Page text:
TCS provisions not applicable on assessee trading timber sawn after importing from other countries: HC

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  • Last Updated on 21 September, 2022

TCS on trading timber

Case Details: PCIT (TDS) v. Nirmal Kumar Kejriwal - [2022] 142 141 (Calcutta)

Judiciary and Counsel Details

    • T. S. Sivagnanam & Bivas Pattanayak
    • Soumen Bhattacharyya, Adv. for the Appellant.
    • J.P. Khaitan, Sr. Adv. & Ananda Sen, Adv. for the Respondent.

Facts of the Case

Assessee was engaged in trading of processed timber which was imported from several countries like Indonesia, Malaysia, and Burma. ‘Processed timber’ (sawn timber) was derived from timber logs that were cut in different sizes. The Assessing Officer (AO) held the assessee to be ‘assessee in default’ for non-collection of tax on the sale of timber as per provisions of section 206C(1).

On appeal, the CIT(A) set-aside order passed by AO. The Tribunal also upheld the findings of AO. Aggrieved-AO filed the instant appeal before the High Court.

High Court Held

The Calcutta High Court held that section 206C deals with profits and gains from the business of trading in alcoholic liquor, forest produce, scrap, etc. The table under section 206(1) leased out several products and serial No. (ii) deals with timber obtained under a forest lease. Thus, what has to be borne in mind is that the tax is collectible on forest produce.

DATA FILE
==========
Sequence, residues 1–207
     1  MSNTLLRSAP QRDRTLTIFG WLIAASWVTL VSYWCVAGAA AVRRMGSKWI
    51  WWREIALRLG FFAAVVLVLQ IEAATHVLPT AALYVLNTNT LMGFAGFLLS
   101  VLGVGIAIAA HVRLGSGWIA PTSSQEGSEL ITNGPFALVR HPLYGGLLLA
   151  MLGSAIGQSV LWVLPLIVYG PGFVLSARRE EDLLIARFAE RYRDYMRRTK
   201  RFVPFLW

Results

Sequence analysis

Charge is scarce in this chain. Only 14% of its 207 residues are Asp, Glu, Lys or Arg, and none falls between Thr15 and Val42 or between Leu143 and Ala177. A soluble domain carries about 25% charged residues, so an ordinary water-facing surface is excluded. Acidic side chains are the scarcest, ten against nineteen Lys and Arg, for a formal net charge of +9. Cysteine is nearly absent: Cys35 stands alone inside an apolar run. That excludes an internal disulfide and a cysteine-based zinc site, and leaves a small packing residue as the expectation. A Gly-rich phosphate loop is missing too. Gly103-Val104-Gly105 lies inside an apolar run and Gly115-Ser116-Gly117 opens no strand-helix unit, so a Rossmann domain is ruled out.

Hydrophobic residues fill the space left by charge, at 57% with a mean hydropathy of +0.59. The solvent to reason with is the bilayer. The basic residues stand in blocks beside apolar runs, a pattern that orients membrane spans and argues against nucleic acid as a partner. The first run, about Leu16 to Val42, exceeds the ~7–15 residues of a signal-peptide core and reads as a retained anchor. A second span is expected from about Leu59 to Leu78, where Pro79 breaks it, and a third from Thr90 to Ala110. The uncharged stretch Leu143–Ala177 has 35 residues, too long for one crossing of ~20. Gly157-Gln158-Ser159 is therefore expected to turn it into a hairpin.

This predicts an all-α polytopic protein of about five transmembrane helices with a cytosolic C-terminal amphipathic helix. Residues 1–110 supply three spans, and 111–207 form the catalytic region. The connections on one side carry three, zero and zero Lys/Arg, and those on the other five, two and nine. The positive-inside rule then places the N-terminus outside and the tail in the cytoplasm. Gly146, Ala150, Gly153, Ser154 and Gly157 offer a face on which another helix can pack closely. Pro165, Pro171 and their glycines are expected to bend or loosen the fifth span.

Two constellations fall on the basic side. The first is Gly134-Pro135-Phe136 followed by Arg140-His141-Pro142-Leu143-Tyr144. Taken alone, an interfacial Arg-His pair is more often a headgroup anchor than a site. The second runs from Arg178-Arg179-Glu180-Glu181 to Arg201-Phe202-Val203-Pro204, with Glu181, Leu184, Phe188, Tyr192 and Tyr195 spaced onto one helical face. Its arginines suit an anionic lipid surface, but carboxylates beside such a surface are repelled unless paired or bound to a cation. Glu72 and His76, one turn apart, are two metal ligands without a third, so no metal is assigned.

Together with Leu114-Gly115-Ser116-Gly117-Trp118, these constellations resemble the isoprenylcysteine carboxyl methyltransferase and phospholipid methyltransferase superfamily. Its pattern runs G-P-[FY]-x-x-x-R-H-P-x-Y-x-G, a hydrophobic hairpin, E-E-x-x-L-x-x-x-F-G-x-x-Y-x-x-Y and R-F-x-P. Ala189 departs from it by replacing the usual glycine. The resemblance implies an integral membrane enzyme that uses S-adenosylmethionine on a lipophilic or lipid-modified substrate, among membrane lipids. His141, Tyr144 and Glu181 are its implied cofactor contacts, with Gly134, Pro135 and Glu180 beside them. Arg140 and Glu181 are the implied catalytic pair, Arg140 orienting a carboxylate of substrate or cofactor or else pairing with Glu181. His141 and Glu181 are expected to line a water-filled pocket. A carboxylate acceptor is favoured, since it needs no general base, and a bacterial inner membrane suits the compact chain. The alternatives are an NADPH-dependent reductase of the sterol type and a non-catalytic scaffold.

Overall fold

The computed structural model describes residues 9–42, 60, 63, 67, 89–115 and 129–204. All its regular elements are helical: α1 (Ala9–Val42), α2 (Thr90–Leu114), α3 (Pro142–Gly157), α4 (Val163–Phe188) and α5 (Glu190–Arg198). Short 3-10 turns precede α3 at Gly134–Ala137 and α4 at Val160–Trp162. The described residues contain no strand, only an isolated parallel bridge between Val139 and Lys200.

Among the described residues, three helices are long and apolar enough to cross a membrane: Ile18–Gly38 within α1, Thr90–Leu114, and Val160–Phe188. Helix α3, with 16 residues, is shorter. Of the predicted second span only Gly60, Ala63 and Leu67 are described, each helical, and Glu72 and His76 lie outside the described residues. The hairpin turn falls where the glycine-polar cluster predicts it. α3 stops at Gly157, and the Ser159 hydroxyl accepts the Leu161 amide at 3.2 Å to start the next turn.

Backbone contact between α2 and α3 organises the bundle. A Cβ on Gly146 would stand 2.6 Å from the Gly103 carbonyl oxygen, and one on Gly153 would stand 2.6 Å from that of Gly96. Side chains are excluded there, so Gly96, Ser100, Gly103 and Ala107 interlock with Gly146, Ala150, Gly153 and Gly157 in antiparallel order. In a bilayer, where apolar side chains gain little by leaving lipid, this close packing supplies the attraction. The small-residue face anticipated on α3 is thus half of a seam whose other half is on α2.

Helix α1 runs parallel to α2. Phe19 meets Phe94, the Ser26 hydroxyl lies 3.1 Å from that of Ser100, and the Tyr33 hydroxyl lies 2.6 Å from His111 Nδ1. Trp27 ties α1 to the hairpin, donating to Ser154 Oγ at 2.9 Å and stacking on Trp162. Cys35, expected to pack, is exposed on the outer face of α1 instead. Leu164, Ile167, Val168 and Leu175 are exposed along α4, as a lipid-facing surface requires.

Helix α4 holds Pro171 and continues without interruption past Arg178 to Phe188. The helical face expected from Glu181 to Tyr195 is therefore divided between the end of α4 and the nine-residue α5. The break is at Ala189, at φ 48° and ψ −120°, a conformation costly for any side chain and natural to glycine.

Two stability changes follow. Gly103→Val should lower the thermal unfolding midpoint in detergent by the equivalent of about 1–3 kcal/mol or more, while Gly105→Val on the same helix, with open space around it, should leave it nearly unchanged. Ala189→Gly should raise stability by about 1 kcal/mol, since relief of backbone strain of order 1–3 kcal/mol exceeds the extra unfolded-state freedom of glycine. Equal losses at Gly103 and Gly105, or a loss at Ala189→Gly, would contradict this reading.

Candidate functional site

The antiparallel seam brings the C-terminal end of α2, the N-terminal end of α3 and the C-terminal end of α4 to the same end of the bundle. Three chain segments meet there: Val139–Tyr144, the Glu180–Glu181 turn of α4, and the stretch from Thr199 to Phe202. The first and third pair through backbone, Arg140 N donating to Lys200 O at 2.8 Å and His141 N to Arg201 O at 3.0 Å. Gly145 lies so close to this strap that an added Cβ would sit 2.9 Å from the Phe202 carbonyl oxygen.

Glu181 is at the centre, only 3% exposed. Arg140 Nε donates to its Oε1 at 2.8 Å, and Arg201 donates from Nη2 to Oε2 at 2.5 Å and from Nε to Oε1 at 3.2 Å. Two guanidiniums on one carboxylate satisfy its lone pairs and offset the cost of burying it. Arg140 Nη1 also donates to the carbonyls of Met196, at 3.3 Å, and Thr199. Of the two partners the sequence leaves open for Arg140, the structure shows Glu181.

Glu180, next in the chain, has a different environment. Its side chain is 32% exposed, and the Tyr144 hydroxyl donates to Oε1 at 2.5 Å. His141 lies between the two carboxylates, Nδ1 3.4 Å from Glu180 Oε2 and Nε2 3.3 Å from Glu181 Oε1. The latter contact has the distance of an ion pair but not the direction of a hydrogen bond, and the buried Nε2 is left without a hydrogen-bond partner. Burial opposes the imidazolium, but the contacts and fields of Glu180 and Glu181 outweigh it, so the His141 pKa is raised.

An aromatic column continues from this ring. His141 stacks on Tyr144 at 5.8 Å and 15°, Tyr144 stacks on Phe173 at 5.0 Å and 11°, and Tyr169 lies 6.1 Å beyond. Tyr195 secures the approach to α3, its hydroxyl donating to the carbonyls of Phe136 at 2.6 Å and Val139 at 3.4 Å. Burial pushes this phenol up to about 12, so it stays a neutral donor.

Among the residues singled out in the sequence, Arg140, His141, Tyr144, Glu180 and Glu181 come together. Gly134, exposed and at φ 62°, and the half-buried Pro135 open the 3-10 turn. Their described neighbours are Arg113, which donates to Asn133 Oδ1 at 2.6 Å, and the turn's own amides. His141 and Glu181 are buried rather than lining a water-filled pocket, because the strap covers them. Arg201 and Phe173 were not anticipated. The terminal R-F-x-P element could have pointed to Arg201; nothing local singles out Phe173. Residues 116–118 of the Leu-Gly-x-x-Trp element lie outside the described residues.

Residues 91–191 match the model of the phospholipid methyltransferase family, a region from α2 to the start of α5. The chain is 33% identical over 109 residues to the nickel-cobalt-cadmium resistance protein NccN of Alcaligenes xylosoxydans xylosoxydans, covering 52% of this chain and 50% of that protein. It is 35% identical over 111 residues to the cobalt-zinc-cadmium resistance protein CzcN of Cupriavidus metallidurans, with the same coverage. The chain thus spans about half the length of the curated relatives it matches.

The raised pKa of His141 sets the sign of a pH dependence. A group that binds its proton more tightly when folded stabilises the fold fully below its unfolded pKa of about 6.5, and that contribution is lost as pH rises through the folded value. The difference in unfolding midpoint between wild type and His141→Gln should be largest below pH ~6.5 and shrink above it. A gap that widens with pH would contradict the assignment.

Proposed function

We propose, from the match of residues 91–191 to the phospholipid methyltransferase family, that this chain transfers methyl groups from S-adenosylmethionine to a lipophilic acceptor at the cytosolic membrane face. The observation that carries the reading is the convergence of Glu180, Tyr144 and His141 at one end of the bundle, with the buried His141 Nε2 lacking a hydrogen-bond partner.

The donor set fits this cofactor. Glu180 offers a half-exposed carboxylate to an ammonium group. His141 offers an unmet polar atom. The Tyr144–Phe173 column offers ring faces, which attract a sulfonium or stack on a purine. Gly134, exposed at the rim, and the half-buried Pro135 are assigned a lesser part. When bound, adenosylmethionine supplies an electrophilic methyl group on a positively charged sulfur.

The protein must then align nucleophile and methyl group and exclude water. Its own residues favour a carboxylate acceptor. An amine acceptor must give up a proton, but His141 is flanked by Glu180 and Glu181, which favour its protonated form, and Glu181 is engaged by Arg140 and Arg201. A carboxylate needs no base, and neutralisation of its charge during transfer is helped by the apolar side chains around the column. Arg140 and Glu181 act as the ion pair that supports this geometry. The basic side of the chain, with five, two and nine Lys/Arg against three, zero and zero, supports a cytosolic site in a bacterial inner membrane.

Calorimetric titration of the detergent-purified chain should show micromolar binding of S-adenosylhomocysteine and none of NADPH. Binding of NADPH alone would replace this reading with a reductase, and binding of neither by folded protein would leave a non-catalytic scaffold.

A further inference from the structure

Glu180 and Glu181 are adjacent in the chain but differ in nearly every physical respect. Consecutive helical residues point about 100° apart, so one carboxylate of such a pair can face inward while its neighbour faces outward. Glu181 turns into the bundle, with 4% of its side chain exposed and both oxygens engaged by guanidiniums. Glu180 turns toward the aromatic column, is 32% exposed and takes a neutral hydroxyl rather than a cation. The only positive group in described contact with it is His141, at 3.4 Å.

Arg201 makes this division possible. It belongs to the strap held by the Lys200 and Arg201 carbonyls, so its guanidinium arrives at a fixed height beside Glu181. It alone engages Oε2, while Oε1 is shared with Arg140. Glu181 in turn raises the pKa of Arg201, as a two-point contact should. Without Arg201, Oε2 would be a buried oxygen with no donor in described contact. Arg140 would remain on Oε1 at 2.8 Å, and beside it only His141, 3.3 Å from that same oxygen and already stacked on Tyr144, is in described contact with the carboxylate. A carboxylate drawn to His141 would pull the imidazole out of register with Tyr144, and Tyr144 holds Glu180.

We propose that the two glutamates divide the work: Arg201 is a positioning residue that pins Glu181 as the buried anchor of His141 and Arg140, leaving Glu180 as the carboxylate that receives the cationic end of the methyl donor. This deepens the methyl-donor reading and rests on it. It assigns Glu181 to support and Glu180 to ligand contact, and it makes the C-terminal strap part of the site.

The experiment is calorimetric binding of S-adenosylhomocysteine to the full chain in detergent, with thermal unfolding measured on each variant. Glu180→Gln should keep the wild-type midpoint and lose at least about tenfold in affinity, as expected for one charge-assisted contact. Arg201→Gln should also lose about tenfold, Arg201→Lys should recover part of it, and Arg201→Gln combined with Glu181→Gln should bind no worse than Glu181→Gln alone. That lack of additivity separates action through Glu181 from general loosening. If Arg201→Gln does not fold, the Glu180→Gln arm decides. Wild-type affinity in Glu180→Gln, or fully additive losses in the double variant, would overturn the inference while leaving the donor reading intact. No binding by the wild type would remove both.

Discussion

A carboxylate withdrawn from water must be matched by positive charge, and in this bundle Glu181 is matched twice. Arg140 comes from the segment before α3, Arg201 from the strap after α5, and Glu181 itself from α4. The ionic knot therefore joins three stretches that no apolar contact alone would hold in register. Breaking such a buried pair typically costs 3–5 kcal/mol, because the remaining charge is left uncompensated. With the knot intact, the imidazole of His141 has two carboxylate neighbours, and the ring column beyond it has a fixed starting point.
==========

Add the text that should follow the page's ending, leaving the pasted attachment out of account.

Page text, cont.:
Accordingly, to attract the provisions of section 206C, one has to examine whether the items sold by the assessee were forest produce or not. Forest produce is the produce grown spontaneously, maybe at the subsequent stages, some human effort and skill may be applied to protect and extract the resultant produce which could be considered as forest produce.

As was evident from the relevant provisions, the tax collection at the time of sale was intended only to be applied in respect of forest produce and not with reference to agricultural produce.

Further, if the timber is being sized, and sawn into logs of different dimensions and shapes in activities carried on sawmills authorized by the Government, it would amount to different produce. Even in respect of timbers that are procured as described in the table, if it is used in the process of manufacturing, the provision of section 206C(1) would not be applicable due to the fact that the product ceased to be a forest produce.

Therefore, considering the fact of the case, the provisions of section 206(1) would have no application.

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